My second research initiative is to further the oral history project I started as part of my dissertation. I am currently working on the archiving process of the interviews, which includes over fifty hours of recordings with forty individuals who have had extensive experience with archaeological practice in Turkey and will be available online through the Koç University Library website. The next step in this research is to transform it into a collaborative digital humanities project that will allow other participants to contribute with additional oral history interviews through crowdsourcing. In the long term, I plan to combine the results of these two research projects with additional case studies from long-term excavation projects and produce a monograph that presents a comprehensive history and politics of archaeological practice in modern Turkey.

Why did you apply to the Andreas Tietze Memorial Fellowship?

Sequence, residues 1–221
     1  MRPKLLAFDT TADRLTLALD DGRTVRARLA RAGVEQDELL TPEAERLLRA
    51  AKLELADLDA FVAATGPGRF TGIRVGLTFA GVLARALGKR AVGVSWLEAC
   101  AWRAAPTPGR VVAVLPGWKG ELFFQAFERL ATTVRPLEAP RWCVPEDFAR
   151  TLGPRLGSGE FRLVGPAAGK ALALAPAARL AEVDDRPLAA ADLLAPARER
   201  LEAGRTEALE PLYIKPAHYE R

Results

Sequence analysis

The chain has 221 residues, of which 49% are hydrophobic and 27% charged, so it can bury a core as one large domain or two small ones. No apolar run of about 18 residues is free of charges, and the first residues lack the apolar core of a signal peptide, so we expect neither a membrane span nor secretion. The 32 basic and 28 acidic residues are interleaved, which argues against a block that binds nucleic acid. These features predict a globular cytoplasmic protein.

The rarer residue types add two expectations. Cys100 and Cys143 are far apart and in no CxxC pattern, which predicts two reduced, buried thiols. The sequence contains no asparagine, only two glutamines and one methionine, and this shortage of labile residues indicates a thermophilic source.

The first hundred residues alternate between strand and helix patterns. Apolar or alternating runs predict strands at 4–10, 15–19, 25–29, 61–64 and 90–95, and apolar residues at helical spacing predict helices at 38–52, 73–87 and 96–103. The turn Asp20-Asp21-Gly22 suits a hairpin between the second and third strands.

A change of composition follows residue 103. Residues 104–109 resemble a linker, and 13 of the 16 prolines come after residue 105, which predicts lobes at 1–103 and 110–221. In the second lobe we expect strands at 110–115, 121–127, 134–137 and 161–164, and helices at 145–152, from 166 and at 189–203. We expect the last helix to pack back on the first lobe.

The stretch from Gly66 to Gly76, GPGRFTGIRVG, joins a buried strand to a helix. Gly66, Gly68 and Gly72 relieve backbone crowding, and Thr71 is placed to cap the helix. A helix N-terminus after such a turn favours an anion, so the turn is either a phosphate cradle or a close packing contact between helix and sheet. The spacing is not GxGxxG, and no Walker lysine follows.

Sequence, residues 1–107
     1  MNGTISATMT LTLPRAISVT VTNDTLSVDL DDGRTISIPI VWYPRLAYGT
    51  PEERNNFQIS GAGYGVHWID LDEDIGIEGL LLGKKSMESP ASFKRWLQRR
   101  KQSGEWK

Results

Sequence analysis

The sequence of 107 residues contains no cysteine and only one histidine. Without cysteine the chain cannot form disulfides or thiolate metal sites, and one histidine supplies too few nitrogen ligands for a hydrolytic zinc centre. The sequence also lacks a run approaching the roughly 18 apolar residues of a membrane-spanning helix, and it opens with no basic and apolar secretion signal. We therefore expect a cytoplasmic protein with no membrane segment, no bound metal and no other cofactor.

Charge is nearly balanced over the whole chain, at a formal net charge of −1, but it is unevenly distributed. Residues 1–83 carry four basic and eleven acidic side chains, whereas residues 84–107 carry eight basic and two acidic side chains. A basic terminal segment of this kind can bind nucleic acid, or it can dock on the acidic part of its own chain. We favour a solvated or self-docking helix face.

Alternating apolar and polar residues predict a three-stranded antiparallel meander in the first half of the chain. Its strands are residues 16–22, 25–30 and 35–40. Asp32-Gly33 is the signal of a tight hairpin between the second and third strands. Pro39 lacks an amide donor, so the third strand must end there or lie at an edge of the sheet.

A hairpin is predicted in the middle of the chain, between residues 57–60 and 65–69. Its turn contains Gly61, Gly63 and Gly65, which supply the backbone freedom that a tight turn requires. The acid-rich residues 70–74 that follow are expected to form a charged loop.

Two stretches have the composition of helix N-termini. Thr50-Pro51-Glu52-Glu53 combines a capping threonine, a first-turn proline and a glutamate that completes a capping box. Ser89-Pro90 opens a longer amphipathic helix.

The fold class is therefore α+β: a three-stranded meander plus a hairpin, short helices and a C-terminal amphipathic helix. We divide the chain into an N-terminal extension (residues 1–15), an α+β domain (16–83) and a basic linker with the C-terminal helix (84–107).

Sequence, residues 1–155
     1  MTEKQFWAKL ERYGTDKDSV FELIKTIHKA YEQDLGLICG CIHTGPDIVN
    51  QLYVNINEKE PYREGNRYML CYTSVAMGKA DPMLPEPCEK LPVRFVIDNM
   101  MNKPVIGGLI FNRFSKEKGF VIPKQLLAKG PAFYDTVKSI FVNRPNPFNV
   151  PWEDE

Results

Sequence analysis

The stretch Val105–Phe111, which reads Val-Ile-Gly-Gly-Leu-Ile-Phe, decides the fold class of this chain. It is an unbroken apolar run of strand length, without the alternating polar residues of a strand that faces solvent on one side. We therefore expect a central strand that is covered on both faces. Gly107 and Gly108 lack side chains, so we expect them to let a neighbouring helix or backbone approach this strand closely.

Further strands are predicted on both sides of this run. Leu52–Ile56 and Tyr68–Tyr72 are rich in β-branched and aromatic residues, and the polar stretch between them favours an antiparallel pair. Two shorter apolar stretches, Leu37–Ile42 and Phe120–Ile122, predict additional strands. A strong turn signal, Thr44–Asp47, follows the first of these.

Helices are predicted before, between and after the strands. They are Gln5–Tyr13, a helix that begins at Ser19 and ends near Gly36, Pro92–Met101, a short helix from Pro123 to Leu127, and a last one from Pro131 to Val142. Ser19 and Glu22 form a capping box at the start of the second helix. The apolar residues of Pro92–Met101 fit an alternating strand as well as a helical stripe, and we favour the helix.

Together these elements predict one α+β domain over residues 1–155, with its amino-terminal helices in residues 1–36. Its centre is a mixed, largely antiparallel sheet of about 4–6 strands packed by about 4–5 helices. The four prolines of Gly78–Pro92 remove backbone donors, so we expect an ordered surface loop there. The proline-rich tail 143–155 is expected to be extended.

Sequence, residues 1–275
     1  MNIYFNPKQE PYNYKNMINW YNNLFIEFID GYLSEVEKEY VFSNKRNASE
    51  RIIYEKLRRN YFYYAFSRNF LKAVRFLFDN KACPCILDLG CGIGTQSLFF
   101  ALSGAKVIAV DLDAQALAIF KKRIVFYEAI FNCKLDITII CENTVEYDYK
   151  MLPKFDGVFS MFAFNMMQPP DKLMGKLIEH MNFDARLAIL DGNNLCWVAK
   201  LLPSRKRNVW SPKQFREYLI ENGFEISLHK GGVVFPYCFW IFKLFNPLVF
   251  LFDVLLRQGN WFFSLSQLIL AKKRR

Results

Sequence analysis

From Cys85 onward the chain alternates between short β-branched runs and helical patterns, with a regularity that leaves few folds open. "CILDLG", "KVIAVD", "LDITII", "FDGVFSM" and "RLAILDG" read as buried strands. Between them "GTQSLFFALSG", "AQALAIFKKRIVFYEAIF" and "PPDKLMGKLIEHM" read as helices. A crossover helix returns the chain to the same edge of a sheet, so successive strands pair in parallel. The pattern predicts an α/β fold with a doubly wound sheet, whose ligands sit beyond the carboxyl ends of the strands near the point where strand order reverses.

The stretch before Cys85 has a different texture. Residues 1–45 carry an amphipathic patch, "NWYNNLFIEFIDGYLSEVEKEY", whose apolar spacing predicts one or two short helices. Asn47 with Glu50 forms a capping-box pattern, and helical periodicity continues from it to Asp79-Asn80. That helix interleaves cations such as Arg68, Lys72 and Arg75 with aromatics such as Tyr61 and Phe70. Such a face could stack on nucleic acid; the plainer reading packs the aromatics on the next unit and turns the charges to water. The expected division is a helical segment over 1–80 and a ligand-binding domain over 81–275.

I learned about the Andreas Tietze Memorial Fellowship when I attended the “Cultural Exchange and Heritage Summer School” organized by the Department of Near Eastern Studies, University of Vienna. At the time, I have been exploring research opportunities, particularly in places where I can conduct archival work to further my research. For my doctoral dissertation, I explored the history and politics of archaeological practice and heritage in Turkey based on a theoretical framework shaped by memory studies. This project comprised three main research themes; the development of archaeology as an academic discipline, the relationship between local communities and archaeological teams in the field, and the labor landscape in archaeological and heritage fieldwork in Turkey. As a next step, I intend to focus on place-based case studies where I can trace the history of archaeological practice in a specific excavation and discuss the themes I previously explored in my dissertation within a particular place. The Andreas Tietze Memorial Fellowship offered a great opportunity to work on the archive of Ephesus Excavations in Vienna and include Ephesus as a case study in my work.